Upholstered items can be steam cleaned or reupholstered. Wooden items can be washed with a GREENGUARD-certified product, or re-stained with low-VOC varnishes and paints to breathe new life into them. (VOC stands for "volatile organic compounds," chemicals used in manufacturing and finishing processes that off-gas after they leave the factory.)

One gross, but important, concern when you’re thrifting furniture is to watch out for signs of bed bugs. Clusters of small black dots near the folds of fabric and joints are a telltale sign of bed bugs if the flax seed-sized bugs aren’t themselves present. Want more tips? The website Apartment Therapy offers “The Ten Commandments of Buying Used Furniture.” The site is also a fun foray into color and design for small spaces and rentals.

DIY art is sustainable art

Don’t forget about the walls while you’re searching for sustainable decor. Artist David Irvine adds pop culture characters to thrift store paintings, creating ingenious and sustainable “redirected” art, and you can do the same! Commission an artistic friend to add a favorite character to some pre-owned art, or take a different approach by artfully gluing colorful images onto cheap paintings.

Upcycling projects like this one are a big trend in sustainable design, said Ethan Lu, director of the New York School of Interior Design’s Master of Professional Studies in Sustainable Interior Environments. When you upcycle an item, it gets reused, but it also gets transformed into something new—for example, turning a stack of old books into a wall or a desk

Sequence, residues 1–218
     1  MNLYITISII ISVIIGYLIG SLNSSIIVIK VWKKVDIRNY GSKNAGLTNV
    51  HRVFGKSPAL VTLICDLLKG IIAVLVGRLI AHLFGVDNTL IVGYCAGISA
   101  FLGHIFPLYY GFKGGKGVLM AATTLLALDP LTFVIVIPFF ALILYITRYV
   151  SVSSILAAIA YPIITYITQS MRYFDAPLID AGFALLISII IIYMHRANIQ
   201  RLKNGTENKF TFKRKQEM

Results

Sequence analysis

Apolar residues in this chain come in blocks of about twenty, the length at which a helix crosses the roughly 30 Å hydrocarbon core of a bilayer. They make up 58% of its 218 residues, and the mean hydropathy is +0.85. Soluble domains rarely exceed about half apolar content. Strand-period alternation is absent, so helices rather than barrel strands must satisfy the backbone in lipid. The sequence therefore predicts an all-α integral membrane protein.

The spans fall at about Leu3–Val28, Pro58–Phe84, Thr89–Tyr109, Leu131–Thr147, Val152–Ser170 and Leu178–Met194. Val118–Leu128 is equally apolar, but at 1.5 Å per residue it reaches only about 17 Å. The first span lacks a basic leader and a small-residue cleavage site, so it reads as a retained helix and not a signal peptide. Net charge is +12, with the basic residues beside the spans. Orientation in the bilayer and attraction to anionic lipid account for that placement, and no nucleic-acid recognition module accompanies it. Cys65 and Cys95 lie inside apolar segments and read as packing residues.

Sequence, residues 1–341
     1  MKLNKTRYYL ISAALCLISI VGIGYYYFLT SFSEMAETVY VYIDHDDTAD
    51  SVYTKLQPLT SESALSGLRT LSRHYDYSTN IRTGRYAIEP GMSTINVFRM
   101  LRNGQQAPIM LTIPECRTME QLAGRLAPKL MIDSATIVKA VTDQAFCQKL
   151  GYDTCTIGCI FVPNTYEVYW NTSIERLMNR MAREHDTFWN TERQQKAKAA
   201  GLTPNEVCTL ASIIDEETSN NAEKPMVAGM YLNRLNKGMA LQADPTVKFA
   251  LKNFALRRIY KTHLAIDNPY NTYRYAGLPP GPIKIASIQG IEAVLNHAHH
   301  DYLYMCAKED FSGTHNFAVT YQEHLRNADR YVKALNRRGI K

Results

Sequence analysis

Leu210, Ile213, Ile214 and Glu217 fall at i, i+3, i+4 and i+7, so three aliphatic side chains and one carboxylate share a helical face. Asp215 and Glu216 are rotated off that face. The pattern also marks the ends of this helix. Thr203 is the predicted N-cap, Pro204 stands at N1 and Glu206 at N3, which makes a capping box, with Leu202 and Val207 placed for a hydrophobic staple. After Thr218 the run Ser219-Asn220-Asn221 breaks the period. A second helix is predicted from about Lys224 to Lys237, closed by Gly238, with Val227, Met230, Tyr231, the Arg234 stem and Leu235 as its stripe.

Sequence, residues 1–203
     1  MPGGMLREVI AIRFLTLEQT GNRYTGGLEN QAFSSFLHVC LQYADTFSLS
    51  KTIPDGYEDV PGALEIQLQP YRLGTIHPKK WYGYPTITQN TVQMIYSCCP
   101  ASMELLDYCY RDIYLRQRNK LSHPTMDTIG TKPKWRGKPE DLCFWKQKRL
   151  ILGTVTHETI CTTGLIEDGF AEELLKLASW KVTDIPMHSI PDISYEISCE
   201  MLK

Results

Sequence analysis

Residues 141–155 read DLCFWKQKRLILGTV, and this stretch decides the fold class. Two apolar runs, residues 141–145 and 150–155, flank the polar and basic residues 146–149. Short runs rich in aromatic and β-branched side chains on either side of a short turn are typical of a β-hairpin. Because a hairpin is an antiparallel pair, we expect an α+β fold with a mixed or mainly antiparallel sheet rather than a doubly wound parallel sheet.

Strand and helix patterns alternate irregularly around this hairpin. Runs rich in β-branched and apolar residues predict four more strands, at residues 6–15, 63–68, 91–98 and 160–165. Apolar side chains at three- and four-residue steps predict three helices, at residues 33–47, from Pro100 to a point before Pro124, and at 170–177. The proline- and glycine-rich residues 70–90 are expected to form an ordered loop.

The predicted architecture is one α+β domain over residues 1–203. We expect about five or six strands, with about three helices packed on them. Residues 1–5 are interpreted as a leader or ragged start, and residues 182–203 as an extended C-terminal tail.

For those of us who would rather not wade through the overwhelming volume of items in thrift stores, Etsy is a one-stop shop for vintage home goods. There are also Etsy sellers who create new items with sustainability in mind by using repurposed materials and other green methods.

Buying new, but thinking through

Differed colored painted wood frames in a basket for sale. Decorate Sustainably pbs rewire
Frames on frames on frames.

If buying used stuff isn’t your cup of tea, there are plenty of sustainable options for new products. When hunting for that perfect paint color, be sure to check for low-VOC or VOC-free certifications. The same goes for varnishes and glues. Even these things can be Earth-friendly.